Looking Closer To Home
The MoH has placed a strong emphasis on greater Omanisation among health professionals working in the public and private sectors, with the last five-year plan, which ran from between 2011 and 2015, identifying the shortage of Omani health care workers as the most significant challenge facing the MoH. In 2012 only 29% of the country’s doctors were Omani nationals. However, the rate has since risen to 35%, according to the MoH. This represents steady progress, however, it is clear that more needs to be done.
With Oman estimated to need an additional 7000 doctors by 2050, there is an opportunity to progressively increase the number of native-born physicians. The ministry has made good progress in the Omanisation of other sectors of the public health care industry: between 2010 and 2015 the total number of health care workers employed by the MoH rose by 10% a year to reach 41,000, an increase of 53% from 26,000 in 2010. Across the health care sector the Omanisation rate reached 68% by the end of 2015; Omanis also filled 84% of all pharmacist jobs in the sultanate, according to Al Saidi.
When it comes to specialised areas of medicine, however, Oman will have to continue to rely on foreign doctors and expertise for the near future at least. Nonetheless, greater attention is being paid to educating Omani medical staff in advanced specialties so they can be prepared to eventually take over. “Foreign expats with the right qualification and experience in the medical field are welcome and needed in Oman. Omanisation in the field of health is necessary but needs to be taken with the proper training and education,” Al Saidi told OBG.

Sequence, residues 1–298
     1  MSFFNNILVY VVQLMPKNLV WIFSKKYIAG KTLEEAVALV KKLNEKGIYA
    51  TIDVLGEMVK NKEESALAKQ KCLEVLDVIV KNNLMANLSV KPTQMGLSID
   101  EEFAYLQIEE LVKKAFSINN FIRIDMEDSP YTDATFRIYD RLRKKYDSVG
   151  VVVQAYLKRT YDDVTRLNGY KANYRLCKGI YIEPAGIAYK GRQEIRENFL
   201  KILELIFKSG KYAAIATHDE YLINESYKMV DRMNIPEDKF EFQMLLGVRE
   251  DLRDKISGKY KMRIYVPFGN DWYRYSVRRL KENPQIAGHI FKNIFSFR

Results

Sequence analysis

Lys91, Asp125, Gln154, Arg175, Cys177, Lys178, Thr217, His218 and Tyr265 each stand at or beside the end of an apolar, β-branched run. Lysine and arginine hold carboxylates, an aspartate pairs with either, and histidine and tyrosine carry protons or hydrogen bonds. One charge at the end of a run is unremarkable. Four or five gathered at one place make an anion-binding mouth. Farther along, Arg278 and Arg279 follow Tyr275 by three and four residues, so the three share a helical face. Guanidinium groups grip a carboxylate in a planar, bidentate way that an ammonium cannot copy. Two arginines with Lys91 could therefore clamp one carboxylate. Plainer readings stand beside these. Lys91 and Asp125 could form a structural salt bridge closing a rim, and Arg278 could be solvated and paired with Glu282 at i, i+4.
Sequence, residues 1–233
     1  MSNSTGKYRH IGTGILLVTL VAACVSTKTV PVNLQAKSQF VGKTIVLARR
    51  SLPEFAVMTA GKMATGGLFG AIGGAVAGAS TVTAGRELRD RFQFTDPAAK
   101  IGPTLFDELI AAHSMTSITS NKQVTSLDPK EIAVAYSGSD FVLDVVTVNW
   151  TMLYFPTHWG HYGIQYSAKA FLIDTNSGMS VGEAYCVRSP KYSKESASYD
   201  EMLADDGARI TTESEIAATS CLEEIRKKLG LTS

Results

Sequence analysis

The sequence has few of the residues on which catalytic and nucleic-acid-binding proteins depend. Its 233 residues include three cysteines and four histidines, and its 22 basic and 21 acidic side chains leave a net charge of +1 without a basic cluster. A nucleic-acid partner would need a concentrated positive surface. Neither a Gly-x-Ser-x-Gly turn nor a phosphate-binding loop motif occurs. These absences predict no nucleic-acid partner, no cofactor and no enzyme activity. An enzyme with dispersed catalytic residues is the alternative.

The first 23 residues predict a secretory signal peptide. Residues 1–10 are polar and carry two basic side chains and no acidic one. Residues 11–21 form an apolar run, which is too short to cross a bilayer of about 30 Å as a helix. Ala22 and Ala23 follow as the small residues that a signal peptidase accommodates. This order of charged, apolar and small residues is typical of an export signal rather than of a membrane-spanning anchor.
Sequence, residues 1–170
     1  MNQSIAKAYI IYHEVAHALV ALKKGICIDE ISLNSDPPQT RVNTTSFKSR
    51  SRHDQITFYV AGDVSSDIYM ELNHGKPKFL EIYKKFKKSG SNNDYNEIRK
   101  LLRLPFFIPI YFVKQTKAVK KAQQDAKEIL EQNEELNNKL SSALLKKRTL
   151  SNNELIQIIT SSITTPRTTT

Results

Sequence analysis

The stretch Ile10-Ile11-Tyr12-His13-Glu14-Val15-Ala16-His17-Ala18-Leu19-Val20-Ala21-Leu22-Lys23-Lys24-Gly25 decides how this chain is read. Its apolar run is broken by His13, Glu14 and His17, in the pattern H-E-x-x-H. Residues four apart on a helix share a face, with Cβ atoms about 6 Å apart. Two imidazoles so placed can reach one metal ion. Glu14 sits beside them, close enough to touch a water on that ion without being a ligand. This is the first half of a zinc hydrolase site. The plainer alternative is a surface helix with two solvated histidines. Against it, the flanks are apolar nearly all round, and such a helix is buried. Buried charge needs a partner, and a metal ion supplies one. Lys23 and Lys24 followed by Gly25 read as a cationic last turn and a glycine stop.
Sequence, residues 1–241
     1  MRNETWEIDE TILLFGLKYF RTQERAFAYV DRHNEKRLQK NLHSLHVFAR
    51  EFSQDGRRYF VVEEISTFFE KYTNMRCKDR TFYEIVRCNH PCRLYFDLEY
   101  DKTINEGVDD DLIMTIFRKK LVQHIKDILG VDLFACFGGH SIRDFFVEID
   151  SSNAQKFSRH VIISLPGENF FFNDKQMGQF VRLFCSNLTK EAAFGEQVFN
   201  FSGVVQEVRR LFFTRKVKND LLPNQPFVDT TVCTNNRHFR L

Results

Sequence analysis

Some of those working in the health care sector point to a need to educate more doctors and nurses within Oman. These same voices have cautioned against the government prioritising filling positions with local Omani doctors and nurses at the expense of their gaining further education abroad. “Oman could put more interest in educating more health care professionals here in Oman, because it is very expensive to educated them abroad,” Andersson, told OBG. “Also, doctors that go abroad to get diplomas, as soon as they have earned their diploma they return very quickly. It would be better if they stayed and worked for a couple of years to gain experience, but everything is paid for by the government until you have your diploma, and after that you are supposed to return and start working.”